depression relief within 24 hours. In the first controlled study of this method of medication administration, investigators found the drug to be well-tolerated in patients with treatment-resistant major depressive disorder. Researchers from the Icahn School of Medicine at Mount Sinai in New York have published their findings online in the peer-reviewed journal Biological Psychiatry.
Investigators found that among the 18 patients completing two treatment days with ketamine or saline, eight met response criteria to ketamine within 24 hours versus one on saline. Ketamine proved safe with minimal dissociative effects or changes in blood pressure.
The study randomized 20 patients with major depressive disorder to ketamine (a single 50 mg dose) or saline in a double-blind, crossover study.
Change in depression severity was measured using the Montgomery-Asberg Depression Rating Scale. Secondary outcomes included the durability of response, changes in self-reports of depression, anxiety, and the proportion of responders.
“One of the primary effects of ketamine in the brain is to block the NMDA [N-methyl-d-aspartate] glutamate receptor,” said James W. Murrough, M.D.
“There is an urgent clinical need for new treatments for depression with novel mechanisms of action. With further research and development, this could lay the groundwork for using NMDA targeted treatments for major depressive disorder.”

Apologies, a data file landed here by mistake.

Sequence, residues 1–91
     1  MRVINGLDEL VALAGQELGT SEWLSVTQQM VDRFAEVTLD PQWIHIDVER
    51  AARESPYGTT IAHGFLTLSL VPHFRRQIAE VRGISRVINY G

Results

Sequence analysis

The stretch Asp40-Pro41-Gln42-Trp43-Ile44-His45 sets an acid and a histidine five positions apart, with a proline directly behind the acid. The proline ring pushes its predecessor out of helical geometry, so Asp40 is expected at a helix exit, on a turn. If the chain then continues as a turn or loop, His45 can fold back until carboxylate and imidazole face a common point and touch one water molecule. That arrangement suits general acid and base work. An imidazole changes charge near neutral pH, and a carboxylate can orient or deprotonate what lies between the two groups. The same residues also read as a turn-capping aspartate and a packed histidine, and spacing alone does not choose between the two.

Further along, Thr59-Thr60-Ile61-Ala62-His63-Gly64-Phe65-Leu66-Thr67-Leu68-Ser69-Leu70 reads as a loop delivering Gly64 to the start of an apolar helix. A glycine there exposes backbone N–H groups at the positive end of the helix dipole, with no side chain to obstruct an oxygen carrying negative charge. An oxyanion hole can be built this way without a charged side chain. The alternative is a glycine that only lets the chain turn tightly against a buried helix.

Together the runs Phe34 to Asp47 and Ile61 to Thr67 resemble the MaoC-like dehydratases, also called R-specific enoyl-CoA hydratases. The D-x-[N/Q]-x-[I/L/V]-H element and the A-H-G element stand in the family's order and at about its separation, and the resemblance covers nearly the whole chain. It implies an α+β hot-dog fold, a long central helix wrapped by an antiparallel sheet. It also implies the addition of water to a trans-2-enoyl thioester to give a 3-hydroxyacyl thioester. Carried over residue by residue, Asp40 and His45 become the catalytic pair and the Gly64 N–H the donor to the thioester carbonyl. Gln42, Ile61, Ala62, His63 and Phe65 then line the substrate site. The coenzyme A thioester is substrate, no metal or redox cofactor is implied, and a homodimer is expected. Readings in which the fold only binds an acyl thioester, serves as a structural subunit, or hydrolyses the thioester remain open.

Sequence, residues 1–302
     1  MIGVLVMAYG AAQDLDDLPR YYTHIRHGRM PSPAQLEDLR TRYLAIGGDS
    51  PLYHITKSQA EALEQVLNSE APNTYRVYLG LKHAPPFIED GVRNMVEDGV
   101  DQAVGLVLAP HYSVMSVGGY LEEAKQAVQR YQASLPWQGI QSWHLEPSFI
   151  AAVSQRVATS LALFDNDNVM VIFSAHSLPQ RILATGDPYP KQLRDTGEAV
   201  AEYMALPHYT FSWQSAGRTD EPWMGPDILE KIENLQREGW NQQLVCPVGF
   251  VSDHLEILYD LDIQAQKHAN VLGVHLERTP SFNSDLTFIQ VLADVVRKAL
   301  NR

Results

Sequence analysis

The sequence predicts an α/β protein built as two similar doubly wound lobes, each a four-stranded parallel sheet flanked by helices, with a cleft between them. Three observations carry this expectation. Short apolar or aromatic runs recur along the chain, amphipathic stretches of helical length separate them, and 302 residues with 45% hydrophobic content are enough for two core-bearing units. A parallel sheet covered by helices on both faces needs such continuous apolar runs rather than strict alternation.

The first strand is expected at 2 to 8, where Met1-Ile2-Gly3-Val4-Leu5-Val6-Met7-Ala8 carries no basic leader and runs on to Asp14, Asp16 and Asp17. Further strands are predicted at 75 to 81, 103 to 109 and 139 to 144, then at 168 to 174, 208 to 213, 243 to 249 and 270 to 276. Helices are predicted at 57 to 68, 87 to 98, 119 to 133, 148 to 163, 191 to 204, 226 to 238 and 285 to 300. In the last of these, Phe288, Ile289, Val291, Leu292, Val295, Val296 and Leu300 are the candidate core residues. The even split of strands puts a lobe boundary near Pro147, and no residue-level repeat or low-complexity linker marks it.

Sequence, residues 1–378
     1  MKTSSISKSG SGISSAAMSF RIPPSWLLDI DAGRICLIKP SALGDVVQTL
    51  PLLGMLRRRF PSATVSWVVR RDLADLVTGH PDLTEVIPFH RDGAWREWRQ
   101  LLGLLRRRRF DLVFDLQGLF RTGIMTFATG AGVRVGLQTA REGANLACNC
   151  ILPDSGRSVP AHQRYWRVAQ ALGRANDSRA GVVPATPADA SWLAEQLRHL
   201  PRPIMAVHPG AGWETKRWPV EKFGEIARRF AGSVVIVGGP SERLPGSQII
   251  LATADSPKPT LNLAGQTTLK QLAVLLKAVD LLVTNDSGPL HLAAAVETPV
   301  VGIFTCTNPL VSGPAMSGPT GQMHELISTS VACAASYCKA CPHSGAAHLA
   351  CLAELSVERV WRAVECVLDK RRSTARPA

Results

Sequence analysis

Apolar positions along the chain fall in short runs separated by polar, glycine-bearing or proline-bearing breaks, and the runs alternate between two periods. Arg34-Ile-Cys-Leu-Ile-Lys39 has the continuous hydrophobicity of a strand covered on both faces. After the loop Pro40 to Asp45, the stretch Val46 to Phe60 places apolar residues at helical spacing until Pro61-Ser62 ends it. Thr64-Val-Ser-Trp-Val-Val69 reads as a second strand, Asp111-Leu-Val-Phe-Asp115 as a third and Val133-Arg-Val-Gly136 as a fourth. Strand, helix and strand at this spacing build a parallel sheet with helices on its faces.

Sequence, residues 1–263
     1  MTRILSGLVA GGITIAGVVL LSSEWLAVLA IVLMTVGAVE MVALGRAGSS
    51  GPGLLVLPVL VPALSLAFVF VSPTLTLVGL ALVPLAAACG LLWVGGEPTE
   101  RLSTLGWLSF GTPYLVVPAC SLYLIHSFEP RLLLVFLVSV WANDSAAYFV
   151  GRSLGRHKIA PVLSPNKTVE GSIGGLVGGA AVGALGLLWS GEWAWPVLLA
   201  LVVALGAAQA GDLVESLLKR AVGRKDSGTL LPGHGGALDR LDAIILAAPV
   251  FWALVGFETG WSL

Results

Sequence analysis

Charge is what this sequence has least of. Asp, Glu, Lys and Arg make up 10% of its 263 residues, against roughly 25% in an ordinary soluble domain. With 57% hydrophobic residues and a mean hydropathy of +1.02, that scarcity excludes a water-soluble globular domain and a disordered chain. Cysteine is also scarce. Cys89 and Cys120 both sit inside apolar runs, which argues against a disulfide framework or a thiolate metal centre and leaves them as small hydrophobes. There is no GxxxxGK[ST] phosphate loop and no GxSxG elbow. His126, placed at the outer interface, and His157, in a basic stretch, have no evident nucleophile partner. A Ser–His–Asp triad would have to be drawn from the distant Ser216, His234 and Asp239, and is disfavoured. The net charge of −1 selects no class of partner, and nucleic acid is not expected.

“We found intranasal ketamine to be well-tolerated with few side effects,” said psychiatrist and researcher Kyle Lapidus, M.D., Ph.D.
One of the most common NMDA receptor antagonists, ketamine is an FDA-approved anesthetic. It has been used in animals and humans for years.
However, ketamine has also been a drug of abuse and can lead to untoward psychiatric or cognitive problems when misused.
Nevertheless, in low doses, ketamine shows promise in providing rapid relief of depression, with tolerable side effects.
Anne and Joel Ehrenkranz comment:
“What we have here is a proof of concept study and we consider the results very promising,” said co-author Dennis S. Charney, M.D. “We hope to see this line of research further developed so that we have more treatments to offer patients with severe, difficult-to-treat major depressive disorder.”
The Mount Sinai research team hopes to examine the mechanism of action, dose ranging, and use functional brain imaging to further elucidate how ketamine works.